China 2: City lakes and lights
It was our first afternoon in Beijing and I trotted along after Mike, who seemed to know where he was going, and we duly arrived at another renovated hutong with nice shops and whatnot. At the other end were three lakes collectively known as Shichahai and an area known for its nightlife.
We crossed the humped bridge over a pinch point on the lakes and meandered along, looking for somewhere to rest and rehydrate a while.
If you look on the map, the three lakes (along with three more to the south) are elongated and follow a curved path so it’s not hard to imagine them as the northern end of the 1800km-long Grand Canal a few hundred years ago. This made Shichahai a commercially very important area. It still is, though the grain transported here in historical times is more likely to be found today in fancy distilled formats.
We found some of the latter and a place with a breeze to sit. Mike started yawning about once a minute.
The bottom of the three lakes can be reached by following the road lakeside, or by taking a ‘short cut’ through the hutongs. Though, given the haphazard layout, it hardly got us there any quicker. Not that that was the point: these alleys are fascinating places. Even with those damn bikes sneaking up on you.
We popped out on the shore of Qianhai Lake and proceeded to make our way slowly back to the humped bridge from whence we started, past more restaurants eager for our custom, past places renting pedal boats – available in several varieties including camo, and my personal favourite, yellow duck. I do regret not taking one of them out (I’m sure I could’ve eventually convinced Mike?), even given concerns that our fatigue could have seen us stranded and cast adrift forever.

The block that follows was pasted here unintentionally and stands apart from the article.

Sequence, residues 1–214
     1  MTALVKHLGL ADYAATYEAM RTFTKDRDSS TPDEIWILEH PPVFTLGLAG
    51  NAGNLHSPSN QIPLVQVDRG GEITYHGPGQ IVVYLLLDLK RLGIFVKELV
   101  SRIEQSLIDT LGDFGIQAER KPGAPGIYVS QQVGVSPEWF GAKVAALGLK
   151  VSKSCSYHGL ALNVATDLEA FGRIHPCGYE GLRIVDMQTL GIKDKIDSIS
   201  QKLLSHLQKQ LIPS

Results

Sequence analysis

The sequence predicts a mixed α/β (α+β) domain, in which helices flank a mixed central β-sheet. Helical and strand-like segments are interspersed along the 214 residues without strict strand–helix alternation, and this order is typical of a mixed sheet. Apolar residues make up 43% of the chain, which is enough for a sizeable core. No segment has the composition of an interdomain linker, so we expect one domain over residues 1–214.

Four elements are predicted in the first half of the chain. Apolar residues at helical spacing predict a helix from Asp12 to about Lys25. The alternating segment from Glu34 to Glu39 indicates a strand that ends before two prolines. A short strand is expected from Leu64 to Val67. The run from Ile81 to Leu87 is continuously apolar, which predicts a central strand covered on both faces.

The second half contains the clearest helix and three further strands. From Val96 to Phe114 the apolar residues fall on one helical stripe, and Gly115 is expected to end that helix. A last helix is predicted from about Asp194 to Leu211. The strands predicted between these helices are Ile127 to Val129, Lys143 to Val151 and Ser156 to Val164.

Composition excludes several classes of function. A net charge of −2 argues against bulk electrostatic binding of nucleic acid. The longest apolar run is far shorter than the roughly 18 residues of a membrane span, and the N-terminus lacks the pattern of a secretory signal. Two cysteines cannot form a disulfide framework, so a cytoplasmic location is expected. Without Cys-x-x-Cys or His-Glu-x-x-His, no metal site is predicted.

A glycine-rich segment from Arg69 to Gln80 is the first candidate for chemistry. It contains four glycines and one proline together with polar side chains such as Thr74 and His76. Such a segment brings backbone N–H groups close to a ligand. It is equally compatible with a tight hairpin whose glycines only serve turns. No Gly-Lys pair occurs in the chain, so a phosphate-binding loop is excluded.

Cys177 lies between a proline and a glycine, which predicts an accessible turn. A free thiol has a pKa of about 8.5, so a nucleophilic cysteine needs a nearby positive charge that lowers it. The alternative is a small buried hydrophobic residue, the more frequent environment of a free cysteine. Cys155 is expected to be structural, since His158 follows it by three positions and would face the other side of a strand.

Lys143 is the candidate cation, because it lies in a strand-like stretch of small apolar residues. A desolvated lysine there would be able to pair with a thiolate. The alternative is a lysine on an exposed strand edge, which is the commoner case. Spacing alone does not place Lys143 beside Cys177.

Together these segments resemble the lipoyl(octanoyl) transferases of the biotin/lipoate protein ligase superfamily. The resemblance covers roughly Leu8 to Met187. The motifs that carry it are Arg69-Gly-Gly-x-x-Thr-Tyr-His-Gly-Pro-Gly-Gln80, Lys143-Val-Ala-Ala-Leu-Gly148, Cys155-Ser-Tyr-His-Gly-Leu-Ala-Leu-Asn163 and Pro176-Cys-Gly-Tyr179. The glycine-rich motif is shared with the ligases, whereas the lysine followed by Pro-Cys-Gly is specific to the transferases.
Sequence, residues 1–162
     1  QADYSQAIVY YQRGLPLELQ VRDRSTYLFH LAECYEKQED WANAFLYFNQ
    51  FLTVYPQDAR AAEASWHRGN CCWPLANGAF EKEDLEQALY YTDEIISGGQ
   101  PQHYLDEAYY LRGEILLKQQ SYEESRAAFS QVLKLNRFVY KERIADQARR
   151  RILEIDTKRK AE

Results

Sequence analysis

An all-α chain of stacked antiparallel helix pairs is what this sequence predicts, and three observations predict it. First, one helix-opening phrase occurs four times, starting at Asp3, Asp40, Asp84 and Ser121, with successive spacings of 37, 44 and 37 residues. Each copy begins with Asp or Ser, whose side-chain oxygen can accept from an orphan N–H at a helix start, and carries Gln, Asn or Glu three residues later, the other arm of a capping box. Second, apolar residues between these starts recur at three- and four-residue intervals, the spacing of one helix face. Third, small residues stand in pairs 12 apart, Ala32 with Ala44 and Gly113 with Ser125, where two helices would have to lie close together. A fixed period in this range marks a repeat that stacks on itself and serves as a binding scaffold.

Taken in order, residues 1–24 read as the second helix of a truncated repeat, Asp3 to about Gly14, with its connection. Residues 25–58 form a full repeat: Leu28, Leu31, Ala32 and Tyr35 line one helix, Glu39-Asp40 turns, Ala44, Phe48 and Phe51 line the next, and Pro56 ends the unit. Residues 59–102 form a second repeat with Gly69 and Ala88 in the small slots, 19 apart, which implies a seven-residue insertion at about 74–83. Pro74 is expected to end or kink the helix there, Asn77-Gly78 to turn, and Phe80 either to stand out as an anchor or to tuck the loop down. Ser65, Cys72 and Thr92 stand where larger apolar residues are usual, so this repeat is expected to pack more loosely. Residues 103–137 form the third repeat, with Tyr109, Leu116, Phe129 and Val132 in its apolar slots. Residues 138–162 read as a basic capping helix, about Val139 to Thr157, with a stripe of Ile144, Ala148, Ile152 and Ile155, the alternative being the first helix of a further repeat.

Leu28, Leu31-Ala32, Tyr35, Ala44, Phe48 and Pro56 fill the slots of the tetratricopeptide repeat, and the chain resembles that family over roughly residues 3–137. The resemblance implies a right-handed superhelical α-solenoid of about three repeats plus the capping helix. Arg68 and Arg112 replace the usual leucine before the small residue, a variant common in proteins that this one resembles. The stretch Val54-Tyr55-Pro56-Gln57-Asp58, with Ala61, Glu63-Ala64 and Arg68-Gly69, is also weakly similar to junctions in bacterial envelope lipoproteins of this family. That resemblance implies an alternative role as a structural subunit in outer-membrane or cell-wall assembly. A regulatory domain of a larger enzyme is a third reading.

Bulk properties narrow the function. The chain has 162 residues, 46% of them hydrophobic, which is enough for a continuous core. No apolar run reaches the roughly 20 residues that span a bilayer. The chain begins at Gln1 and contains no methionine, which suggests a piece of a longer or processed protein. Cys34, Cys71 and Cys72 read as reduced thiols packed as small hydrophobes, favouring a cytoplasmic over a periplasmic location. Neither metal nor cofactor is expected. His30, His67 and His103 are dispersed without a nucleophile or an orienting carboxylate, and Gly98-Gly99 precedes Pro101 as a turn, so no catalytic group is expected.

This would be a great place to see in winter. Apparently the lakes freeze over and you can come here to ice skate. That is probably also the surest time of year that the no fishing, no swimming signs would be obeyed. Lord knows what’s in the water but many of the locals were loving it.
At a square we sat down for a bit. It was the perfect place to people watch and to be asked about six times by about six roving vendors if we wanted a massage.
We were taking our time because we wanted to see this place after dark. In our deteriorating states this wasn’t so much about the nightlife but the night lights.
Topped up with meaty sustenance, we backtracked around the lake a bit before Mike led us back into the hutongs. Dark though it was and often poorly lit, we felt perfectly safe as we negotiated the concrete maze – the map application on Mike’s phone was a godsend. I was relieved to finally make it back to the hotel, whereupon we flopped.